Our trip ended with lunch at the world-famous Wall Drug.  A large drug store/gift shop/tourist attraction, it's the home of free ice water, 5 cent coffee, and the largest collection of kitschy attractions ever.  You can even get your picture taken atop a giant jackalope! 

This ends the recaps of my South Dakota trip.  Next post I'll return to regular Oregon hiking reports.....

Sunday, September 14, 2014


Picture a desolated, arid plain.  Brown brittle grasses, dry sagebrush, devoid of trees.  The hills eroded into numerous craggy spires and crooked dusty gullies.  Blistering hot in the summer, frigidly cold in winter.  A hard, lonely landscape.  Who would visit a place like this?

Why me, of course!

Obligatory park entrance sign photo

I've always had a fascination with the Badlands of Western South Dakota.  The artfully weathered hills, sculpted by wind and rain.  The colorful layers of rock uncovered by erosion.  The wide-open vistas.  There's beauty to be found in these "bad lands."

Lone tree amid endless grassland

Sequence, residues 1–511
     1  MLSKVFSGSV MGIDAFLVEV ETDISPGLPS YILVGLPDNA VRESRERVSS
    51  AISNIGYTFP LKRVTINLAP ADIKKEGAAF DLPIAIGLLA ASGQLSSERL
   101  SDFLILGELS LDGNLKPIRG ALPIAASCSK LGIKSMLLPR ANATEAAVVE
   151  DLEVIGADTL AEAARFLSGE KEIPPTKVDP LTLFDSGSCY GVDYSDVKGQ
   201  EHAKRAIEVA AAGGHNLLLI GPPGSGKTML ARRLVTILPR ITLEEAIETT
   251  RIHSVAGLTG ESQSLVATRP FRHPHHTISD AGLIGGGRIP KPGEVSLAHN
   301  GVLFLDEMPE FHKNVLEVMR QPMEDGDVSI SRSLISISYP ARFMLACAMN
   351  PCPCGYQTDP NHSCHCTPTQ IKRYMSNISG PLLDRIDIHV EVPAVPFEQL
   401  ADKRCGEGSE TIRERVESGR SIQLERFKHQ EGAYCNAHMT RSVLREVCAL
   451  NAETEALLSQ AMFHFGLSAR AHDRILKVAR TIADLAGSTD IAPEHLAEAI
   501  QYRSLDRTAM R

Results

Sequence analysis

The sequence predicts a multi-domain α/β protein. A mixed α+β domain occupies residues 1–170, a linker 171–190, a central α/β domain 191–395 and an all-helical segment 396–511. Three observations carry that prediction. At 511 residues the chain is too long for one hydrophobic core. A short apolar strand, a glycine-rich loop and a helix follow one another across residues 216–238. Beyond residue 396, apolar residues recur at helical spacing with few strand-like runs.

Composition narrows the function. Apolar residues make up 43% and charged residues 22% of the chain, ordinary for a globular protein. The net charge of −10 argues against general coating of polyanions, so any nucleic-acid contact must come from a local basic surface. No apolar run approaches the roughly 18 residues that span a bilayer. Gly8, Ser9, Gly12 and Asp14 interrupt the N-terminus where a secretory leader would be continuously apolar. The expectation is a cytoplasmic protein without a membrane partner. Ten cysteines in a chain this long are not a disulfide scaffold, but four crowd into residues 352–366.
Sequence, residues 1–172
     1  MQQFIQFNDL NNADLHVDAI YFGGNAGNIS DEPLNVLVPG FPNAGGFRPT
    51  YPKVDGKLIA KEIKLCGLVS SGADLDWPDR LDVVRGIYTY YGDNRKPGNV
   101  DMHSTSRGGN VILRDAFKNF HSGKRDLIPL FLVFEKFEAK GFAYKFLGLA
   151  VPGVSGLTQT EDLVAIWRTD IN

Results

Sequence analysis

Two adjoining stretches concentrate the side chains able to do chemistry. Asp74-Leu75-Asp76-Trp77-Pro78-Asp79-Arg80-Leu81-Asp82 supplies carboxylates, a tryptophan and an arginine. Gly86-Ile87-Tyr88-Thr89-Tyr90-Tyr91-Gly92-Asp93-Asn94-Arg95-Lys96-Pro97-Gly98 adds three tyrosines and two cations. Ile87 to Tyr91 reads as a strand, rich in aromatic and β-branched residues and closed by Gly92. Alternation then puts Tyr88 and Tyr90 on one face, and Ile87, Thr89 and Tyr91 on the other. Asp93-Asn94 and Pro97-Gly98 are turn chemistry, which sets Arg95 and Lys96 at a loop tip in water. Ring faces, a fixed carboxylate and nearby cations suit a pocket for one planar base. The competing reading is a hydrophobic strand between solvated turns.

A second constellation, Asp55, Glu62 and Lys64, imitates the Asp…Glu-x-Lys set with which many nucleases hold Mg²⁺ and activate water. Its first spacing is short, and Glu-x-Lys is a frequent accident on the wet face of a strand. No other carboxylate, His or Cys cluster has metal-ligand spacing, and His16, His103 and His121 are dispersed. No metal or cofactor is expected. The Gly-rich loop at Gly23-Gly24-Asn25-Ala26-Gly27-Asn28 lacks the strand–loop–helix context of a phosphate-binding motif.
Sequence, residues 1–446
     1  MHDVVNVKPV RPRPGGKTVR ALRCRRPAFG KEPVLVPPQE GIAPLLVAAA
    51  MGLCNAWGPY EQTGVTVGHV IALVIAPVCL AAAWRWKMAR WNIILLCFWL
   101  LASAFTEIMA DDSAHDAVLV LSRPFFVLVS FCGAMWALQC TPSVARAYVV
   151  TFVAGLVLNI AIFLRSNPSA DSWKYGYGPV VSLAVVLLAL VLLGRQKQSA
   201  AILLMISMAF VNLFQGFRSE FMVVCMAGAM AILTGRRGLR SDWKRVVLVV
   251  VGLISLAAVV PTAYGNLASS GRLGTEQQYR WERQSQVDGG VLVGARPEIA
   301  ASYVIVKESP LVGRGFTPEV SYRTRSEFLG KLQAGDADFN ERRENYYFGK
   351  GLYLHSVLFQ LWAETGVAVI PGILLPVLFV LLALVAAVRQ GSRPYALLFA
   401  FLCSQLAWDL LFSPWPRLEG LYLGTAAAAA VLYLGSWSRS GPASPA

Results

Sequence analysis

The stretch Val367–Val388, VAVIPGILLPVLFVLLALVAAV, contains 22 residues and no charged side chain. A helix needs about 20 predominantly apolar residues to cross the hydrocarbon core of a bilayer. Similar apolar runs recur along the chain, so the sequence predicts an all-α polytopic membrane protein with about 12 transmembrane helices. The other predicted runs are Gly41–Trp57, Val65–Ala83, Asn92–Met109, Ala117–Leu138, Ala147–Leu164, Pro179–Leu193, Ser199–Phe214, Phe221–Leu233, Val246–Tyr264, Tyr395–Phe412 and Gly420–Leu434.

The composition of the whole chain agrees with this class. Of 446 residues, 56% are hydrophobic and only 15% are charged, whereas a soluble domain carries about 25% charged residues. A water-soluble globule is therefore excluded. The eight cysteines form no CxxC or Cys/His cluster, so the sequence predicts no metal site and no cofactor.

The local Lakota people called the rugged moonscape Mako Sica, which means "land that is bad."  Early trappers and settlers steered clear of this dry, desolate area. 

The muddy gravel road

The Badlands were created eons ago when a large ocean covered the western plains states.  Over time, sediments deposited on the ocean bottom, creating the colorful layers that eventually became rock.  Volcanic activities created uplifting of the nearby Black Hills.  From these mountains, steams flowed, carrying more sediments that deposited over the old seabed.  Finally, wind, water and ice combined to erode the softer sediments, leaving behind tougher sandstones.  Nature sculpted the rocks into fantastic shapes - spires, pyramids, castles, and wrinkly gullies.

My mom takes in the view

But that's not all - within these colorful rock layers lie a wealth of fossils.  Three-toed horses, prehistoric rhinos and pigs, saber-toothed cats, and all kinds to sea life - the remains of these animals and more have been unearthed in the Badlands.

Amazing striped hills

Now, this wonderful area is a National Park (very deserving of its status IMHO).  It had been a couple of years since my last visit, so this time I was bound and determined to get out here.